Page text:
Christian Buckley @buckleyplanet: In the early days of SharePoint, the emphasis from experts and Microsoft's marketing teams was on how easy it was to deploy and begin using the platform. And they were right. Teams found that they could (and still can) quickly set it up and build simple solutions to meet their specific needs. But those that pushed the platform for its simplicity often left out one little detail: planning.
Buzzwords Du Jour?
Ahava Leibtag @ahaval: Ah, the Holy Grail of content strategy: content as a commodity. For years, those of us in digital strategy have known that content is both king and a commodity. But it’s been difficult to get others to see our point of view. However, two new interesting social sites make content feel like a commodity by the very nature of the way they present said content.
Virginia Backaitis: There’s almost as much buzz around Big Data as there is around Pinterest. Chances are that most anyone you run into at a premium coffee shop in an upper middle class neighborhood will have heard of, and be curious about, both.
And while Pinterest is the world’s fastest growing, stand-alone internet site of all time, it’s that way because it’s full of attractive images and it’s geared toward consumers. You use Facebook to log-in. check a few boxes and voila, appealing images curated especially for you appear on the screen in front of you.
Awards, Solutions and Simplicity in a Complex World
Deb Miller @debsg360: It's awards time for the film industry and like many, I took some time out to watch the Oscars last Sunday. It's great to see high quality performances recognized. But Oscars aren't just for the movies, so I thought it would be a good time to look at award-winning performances in our own industry.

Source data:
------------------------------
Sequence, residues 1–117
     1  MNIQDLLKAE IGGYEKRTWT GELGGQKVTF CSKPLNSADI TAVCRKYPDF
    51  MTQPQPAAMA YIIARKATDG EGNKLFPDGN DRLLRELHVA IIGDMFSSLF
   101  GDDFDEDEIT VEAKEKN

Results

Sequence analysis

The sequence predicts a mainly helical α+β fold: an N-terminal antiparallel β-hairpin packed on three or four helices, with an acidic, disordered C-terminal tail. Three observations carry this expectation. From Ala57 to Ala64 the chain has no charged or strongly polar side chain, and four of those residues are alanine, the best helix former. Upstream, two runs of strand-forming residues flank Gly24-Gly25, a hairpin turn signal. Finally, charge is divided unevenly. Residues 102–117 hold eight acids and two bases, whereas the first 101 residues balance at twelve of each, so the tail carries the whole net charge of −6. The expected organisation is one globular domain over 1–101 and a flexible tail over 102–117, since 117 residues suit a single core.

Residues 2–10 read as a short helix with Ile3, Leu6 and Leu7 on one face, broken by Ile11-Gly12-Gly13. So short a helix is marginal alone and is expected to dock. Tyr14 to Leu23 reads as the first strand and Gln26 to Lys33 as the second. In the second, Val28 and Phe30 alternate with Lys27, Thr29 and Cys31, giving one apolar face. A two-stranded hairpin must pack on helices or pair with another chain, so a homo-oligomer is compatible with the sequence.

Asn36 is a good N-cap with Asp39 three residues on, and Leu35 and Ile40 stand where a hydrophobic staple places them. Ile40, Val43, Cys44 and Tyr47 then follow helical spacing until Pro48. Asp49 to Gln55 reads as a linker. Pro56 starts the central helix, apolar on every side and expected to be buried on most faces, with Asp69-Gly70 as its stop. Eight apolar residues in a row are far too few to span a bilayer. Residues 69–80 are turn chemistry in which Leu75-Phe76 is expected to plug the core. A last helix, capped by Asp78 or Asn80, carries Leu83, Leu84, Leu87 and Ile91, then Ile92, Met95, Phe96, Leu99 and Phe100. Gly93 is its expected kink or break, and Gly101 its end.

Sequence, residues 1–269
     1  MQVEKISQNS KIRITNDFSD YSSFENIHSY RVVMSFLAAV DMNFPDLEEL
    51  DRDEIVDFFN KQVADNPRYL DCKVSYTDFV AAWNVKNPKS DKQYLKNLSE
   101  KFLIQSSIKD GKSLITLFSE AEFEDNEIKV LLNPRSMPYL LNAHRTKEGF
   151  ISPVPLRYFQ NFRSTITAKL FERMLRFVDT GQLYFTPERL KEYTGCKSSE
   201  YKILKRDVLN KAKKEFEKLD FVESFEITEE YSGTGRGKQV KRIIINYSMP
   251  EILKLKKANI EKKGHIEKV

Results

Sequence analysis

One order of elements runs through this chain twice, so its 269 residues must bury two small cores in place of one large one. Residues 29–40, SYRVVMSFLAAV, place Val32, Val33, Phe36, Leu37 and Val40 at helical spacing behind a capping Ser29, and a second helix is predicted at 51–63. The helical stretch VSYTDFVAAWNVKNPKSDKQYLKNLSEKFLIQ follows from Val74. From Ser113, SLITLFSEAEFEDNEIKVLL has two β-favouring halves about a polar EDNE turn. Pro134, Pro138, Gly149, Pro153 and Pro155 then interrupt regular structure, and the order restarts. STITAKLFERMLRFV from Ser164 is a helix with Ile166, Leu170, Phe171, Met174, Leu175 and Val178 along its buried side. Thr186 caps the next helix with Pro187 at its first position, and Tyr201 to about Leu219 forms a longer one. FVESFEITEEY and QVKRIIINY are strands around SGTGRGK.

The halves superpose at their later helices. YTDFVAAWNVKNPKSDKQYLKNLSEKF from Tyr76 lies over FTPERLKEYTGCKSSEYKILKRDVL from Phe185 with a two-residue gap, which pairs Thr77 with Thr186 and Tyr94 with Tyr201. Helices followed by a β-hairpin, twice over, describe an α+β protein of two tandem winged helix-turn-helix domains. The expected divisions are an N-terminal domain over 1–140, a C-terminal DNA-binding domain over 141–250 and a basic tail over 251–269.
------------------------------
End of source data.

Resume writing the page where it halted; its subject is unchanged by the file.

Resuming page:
How do you effectively make changes to your operation to improve costs and productivity while delivering greater value to your customer? The answer lies in the performance of your knowledge workers. What tool can you use to enable those knowledge workers? As might be anticipated based on my continuing articles series of the same name, Adaptive Case Management (ACM) is my recommendation. So in the spirit of the film awards season, let’s take a look at three ACM-powered performances in the “Value” category that in my opinion deserve an Academy Award!
Edward Smith @damgeek: Digital asset management (DAM) helps groups of people manage and find all of their digital media in one location, and APIs promise the same benefits — but to other computer systems. Is an API integration necessary to improve your workflow?
Aaron Dun @ajdun: The long, sordid history of web content management system (Web CMS) complexity is finally catching up with us. End users are revolting and demanding an easier way to manage content because the old ways are just too hard. At the same time, some in the industry are instead touting this complexity as “inherent” or “OK” because that is “just the way it is.”
I disagree, and I’ll bet you do too.
That's it for this week. Be sure to check in with our features next week, when we debut a new series of video blogs demonstrating how to leverage Office 365 for project collaboration and a two part series from Deb Lavoy exploring the humanity behind social business.